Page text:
(See you next year in... Birobidzhan)


A particularity of the communist authorities in USSR was the dealing with over hundred nationalities that lived in the former Russian Empire. Soon after the October 1917 revolution they were granted, at least on paper, a large territorial and cultural autonomy. The Jewish Autonomous Oblast (JAO; in Yiddish: Yidishe Avtonome Gegnt) was created in 1934 within the framework of Stalinís nationality policy, centered on the town of Birobidzhan, along the Trans-Siberian Railway, close to Khabarovsk.

USSR. 1954. 37 years since the October revolution. Marx, Engels, Lenin, Stalin
USSR. 1954. Stalin, 75th Birth Anniversary

The creation of the JAO was meant to counter both Zionism and religious Judaism by creating an atheist, Soviet version of Zion, and further to settle the still sparsely populated Siberian lands bordering China.

A different view of the creation and location of the JAO is that it would make it possible to deport the Soviet Unionís entire Jewish population to one of the remotest corners of the country. Initially, Jewish pioneers were lured to Birobidzhan by a concerted propaganda effort, ranging from posters and pamphlets to movies and books.

USSR, April 1933. Ethnography congress. Michel 432, Scott 492. Evrei = Jews. Birobidzhan.

Despite efforts to encourage Jews to resettle in the region during the first decade of its existence and again for a few years after the end of World War II, the Birobidzhan experiment failed dismally. Not only did the region fail to attract many Jews because of its remoteness from the center of Jewish population, but the harsh conditions kept significant numbers of Jews from migrating.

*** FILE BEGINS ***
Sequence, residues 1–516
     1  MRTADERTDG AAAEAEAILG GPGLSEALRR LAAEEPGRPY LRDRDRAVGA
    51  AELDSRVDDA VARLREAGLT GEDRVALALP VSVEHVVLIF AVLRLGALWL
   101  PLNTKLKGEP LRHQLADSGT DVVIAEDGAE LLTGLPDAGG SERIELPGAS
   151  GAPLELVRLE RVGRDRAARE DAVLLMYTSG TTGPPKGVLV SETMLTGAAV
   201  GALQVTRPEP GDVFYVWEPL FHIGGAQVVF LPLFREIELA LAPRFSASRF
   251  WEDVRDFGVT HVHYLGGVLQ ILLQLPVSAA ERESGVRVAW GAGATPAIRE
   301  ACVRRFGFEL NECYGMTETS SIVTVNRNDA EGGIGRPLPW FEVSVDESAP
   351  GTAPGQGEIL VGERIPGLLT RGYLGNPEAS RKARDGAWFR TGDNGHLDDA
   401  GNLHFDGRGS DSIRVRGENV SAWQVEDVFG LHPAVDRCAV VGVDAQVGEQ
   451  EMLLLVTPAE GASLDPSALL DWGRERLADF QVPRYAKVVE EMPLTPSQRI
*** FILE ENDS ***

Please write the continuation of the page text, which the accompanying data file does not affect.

The growth of the JAO was cut short by Stalinís purges before and after the Second World War, and by the war itself. Under the pretext of the fight against the so-called cosmopolitism and the pernicious influence of the West, tens of thousands of Jews lost their jobs and many of them were arrested on charges of espionage, then tortured and hundreds even shot by the secret police. Those who were very visible, especially abroad, had a fate similar to the Jewish actor and the artistic director of the Moscow State Jewish Theater Solomon (Shloyme) Mikhoels, who was run over to create the impression of a traffic accident.

The Doctors' plot (known also as doctors' affair, doctors-saboteurs, or murderers in white coats) was the most dramatic anti-Jewish episode in the Soviet Union during Joseph Stalin's regime, involving the "unmasking" of a group of prominent Moscow doctors, predominantly Jews, as conspiratorial assassins of Soviet leaders. This was accompanied by show trials and anti-Semitic propaganda in state-run mass media. Scores of Soviet Jews were promptly dismissed from their jobs, arrested, sent to the Gulag, or executed.

The purges also led to the burning of the entire Judaica collection in Birobidzhanís local library.

Russia 2010. Jewish Autonomous Region. Michel: 1658, Scott: 7224. Sholom Aleichem monument in Birobidzhan, train station.

In the decades following the war, many Birobidzhan Jews chose to leave it. In 2002, Jews constituted less than 2% of the regionís 200,000 inhabitants (90% Russian, 4% Ukrainian). Even fewer Jewish inhabitants knew Yiddish, and even fewer know it today. Birobidzhan's continued existence is a good example of the failed Soviet nationality policy, despite the "Best wishes from Birobidzhan" as written on the postcard shown below.

Birobidzhan today. Valeriya Bulkina, keeper of a Birobidzhan synagogue, describes the uniqueness of Birobidzhaners and of the synagogue community she's been responsible for. She explains how after their rabbi recounted a dream to her, she began to see a minyan made up of those who had left even when those that remained numbered less than ten. (Minyan: the quorum required for Jewish communal worship that consists of ten male adults in Orthodox Judaism). Source.

Created: 10/09/2011. Revised: 1/24/2024
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